While at Ho Chi Minh we also did a day trip to Cu Chi, a village and historical site which was preserved from the war and also the location of an impressive network of Viet Cong tunnels. I was not really sure what my reaction would be when we arrived to such a place which carried such dreary depressing connotations. I always get quite affected emotionally, which is strange considering the bulk of my studies focused on the Holocaust.
However Cu Chi has become a very tourist-oriented location, much of the tour was guided as series of limited scenes of the local ‘villagers’ and how they lived with shops along selected stops. My initial surprise at seeing laughing children being a part of the tour soon wore off as we split into a minor group and was able to appreciate the explanations and discussion initiated by the guide.
There were still a number of persons living at Cu Chi although most of the Vietnamese people avoid the place due to ‘bad spirits’. We were told that there were mass graves nearby but cordoned off from the public. Out of respect I restricted my photography to still life items and ‘outterside’ depictions of the tunnels.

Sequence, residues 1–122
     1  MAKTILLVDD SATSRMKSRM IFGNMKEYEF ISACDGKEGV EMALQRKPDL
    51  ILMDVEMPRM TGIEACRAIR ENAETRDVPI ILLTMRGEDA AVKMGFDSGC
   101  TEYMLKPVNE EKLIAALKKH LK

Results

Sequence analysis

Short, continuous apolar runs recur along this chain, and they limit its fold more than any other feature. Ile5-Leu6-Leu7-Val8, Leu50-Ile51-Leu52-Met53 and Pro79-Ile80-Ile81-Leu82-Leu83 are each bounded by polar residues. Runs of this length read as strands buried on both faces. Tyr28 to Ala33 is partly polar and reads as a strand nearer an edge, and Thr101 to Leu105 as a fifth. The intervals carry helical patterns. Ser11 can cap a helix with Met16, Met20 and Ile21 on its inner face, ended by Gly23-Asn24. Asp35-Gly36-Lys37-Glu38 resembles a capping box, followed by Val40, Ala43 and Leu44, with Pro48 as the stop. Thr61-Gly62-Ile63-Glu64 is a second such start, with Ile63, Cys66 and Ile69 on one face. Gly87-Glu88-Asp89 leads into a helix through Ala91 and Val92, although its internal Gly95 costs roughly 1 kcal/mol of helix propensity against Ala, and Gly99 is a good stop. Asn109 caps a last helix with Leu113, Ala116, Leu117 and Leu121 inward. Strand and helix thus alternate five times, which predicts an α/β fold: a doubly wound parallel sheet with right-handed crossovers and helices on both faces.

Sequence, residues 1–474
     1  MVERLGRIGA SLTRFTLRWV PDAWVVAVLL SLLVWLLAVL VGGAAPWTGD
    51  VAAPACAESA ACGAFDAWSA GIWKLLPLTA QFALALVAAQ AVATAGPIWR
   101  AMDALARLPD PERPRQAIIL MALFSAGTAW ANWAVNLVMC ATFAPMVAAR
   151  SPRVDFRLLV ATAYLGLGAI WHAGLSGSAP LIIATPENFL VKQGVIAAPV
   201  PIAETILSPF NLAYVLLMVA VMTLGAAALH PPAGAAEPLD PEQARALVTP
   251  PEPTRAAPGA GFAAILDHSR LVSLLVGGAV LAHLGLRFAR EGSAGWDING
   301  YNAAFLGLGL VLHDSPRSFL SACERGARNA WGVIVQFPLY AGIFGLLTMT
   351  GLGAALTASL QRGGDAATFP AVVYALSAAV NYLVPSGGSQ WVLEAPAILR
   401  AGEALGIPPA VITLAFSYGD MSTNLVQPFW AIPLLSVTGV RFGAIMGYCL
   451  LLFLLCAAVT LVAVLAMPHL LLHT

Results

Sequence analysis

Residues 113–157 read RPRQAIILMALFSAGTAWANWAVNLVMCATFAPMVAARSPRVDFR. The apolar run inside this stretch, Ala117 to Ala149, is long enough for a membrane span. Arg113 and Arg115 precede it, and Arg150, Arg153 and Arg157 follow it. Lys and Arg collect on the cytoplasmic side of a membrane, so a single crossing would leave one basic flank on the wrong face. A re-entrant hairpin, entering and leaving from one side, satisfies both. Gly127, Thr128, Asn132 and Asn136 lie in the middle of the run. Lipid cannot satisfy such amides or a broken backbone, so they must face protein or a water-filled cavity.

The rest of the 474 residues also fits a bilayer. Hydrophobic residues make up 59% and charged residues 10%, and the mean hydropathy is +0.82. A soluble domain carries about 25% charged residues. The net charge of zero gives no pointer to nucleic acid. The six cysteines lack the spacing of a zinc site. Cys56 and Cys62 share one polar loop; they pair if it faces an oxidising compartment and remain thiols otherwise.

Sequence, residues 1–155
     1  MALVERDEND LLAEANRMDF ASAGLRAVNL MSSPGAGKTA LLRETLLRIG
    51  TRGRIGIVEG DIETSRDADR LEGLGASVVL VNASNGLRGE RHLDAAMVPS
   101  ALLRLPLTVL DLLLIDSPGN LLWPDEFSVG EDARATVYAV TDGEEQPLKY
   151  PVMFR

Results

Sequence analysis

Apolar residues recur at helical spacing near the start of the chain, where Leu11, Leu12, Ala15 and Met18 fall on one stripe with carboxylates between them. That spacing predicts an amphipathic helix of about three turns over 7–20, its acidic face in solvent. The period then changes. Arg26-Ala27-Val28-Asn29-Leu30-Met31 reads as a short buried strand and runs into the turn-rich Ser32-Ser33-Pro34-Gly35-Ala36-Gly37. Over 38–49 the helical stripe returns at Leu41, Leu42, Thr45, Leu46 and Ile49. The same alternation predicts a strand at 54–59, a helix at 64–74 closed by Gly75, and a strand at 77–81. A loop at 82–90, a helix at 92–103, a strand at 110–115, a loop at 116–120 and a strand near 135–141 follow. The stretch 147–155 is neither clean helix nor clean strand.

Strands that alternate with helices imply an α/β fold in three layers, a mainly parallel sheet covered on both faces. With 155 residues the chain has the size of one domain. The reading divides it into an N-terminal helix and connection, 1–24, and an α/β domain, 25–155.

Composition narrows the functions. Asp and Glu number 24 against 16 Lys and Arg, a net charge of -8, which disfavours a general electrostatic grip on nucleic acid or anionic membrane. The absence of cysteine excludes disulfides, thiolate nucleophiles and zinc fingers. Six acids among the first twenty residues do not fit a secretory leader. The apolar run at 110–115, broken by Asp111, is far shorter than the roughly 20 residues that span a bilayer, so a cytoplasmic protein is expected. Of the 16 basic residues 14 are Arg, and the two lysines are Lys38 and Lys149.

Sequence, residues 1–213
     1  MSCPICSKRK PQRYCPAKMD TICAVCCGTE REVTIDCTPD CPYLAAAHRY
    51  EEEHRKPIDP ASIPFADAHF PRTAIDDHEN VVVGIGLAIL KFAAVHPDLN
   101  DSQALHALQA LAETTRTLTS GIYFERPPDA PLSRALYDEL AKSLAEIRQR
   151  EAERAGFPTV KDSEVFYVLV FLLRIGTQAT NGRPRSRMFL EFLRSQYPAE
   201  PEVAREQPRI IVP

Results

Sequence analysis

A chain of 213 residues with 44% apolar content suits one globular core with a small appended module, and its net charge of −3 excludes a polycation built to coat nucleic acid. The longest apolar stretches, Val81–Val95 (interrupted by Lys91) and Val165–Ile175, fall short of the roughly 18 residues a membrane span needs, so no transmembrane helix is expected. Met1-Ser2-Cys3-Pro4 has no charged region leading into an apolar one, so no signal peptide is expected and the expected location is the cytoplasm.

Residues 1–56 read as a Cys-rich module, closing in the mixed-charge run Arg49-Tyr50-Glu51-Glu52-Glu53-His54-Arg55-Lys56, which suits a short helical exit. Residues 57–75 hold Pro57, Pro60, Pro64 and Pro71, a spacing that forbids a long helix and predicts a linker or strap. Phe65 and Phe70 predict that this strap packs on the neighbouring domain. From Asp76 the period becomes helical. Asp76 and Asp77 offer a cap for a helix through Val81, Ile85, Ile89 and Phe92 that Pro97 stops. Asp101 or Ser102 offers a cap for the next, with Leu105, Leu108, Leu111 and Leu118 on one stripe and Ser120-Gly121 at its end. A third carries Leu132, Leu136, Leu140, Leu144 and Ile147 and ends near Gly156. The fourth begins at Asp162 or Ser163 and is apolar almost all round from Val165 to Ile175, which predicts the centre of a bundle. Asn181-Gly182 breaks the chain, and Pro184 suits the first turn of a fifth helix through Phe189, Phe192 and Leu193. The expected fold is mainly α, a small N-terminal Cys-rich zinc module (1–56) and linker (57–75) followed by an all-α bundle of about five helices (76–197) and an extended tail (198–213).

Much of Vietnam still resides in poverty and many of the villages around still live as they did 40 years before. They rely on local home grown produce in a community setting and use very traditional tools such as the basket pictured above which shifts and grinds rice and flour.
The Viet Cong tunnels and traps are carefully maintained as part of a government initiative. One could see visible bomb craters around from the American offensive and some of the tunnels and underground rooms are too caved in to visit, but much of it as been reinforced and even covered with newly built roofs. It is a shock to see how tiny some of the entryways are and the dark gloom of a tunnel gives instant claustrophobic reactions.
I only dared to brave the last (and longest!) tunnel, quickly ducking my head in and closing my eyes and feeling the way with my hands. It was with a big breathe of relief to come out in open air again. I really cannot fathom how they could have survived living underground for days or weeks at a time, much less in tunnels that are several feet below the ground and only connected by tiny air ways.
It is an experience one would not forget for a long time and I am glad to have had the chance to go.